So Harper's pal/computer tech/security expert, Quinton, comes to her for a favor. Several homeless people in the area have gone missing, and some have shown up that look, well, eaten. By something large. Quinton would like Harper to look into it, see if there's something that's more up her particular alley than what the police are looking/equipped for.
Obviously, yes, or it'd be a very short -- and incredibly dull -- book.
Harper and Quinton end up on a search through the now underground remnants of Seattle's bygone days, through the city's homeless culture, and skirting the edge of local Native American myth (not nearly as mythic as most people think).
I've liked Quinton, and wanted to get to know him better. We get the opportunity to here -- actually, we learn a lot about him. What we learn makes him pretty distinctive in UF, he might be run of the mill in Suspense/Mystery novels, though -- but that makes sense. Richardson is basically writing Kinsey Millhone with ghosts and other supernatural whatnot.
Ben and Mara Danziger do make an appearance, but fairly late into the novel. I appreciated seeing them, but I was also glad that Harper doesn't have to run to them right away. Ben gets more of the action this time than Mara, which was a good switch. Also, he's a fun character. Many of the other characters from the previous two novels show up for a scene or two -- to provide continuity as well as information on just whatever is snacking on Seattle's poorest.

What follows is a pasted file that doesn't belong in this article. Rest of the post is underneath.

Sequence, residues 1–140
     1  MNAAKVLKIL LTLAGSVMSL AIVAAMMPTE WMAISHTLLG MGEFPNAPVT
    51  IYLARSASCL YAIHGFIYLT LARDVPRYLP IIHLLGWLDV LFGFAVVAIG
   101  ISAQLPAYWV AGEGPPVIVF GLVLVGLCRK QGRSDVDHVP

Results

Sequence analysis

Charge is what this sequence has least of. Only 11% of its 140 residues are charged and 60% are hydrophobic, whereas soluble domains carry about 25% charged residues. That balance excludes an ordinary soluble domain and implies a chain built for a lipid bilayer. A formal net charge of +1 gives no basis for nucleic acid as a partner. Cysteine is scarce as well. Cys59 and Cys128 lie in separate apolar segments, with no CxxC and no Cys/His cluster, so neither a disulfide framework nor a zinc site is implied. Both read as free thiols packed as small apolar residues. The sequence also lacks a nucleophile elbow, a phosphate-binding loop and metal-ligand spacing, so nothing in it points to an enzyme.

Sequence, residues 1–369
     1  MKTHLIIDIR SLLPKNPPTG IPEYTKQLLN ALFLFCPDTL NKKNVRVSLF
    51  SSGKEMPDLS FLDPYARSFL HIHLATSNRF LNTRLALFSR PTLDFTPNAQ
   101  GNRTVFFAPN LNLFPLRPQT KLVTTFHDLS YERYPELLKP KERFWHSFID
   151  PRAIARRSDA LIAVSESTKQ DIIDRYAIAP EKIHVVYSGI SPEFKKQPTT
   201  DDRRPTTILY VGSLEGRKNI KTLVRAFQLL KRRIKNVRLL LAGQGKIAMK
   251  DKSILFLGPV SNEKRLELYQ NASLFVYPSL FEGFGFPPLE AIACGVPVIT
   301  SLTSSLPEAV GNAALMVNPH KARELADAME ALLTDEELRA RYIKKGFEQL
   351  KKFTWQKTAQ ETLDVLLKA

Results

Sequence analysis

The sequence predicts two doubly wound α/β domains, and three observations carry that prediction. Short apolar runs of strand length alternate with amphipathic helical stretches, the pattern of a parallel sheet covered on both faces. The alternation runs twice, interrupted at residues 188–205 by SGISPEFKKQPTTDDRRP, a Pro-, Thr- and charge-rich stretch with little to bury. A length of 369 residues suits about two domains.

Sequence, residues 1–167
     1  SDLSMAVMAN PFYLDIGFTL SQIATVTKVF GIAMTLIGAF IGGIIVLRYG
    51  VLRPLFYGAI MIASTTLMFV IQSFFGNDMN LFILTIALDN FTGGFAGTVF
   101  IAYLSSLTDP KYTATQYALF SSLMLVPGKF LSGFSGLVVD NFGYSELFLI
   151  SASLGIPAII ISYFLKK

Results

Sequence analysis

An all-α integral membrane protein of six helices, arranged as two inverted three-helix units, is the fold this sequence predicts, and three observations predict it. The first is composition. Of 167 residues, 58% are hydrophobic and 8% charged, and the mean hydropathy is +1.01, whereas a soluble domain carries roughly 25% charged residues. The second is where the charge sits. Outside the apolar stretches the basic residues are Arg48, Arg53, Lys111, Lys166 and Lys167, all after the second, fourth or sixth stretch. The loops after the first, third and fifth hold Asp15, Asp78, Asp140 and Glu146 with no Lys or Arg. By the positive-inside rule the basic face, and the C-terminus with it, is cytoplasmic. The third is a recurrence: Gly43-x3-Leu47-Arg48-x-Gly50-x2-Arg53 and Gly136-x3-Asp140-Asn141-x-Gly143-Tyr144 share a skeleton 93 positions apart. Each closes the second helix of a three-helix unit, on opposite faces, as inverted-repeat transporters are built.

Pretty much everything worked well in these pages. Harper's personality is enough to pull you in. Quinton and the world he introduces Harper to are enough to keep you. The bits of Seattle history were very interesting -- even if most of it was variation on what I've read before about the underground city (and there's plenty of fodder for return trips for Harper down there). The Native American elements were a nice addition to this world. I do think it was a little too easy to figure out the non-monster mysteries, Richardson might as well have been putting flashing neon around certain sentences, reading "Pay attention, this'll be important." Still, over all, everything worked just right.
The previous Greywalker novel, <b>Poltergeist</b>, was one of the last things I read in 2012, and I've been meaning to get back to the series since. Don't ask me why I didn't -- I can't give you (or myself) a satisfactory answer. It won't be another 2 and a half years before I come back, I can tell you that. It's not the most dazzling and dynamic Urban Fantasy series out there, but it's good. And when you're this good? You don't have to be dazzling, you just have to deliver. <b>Underground</b> did.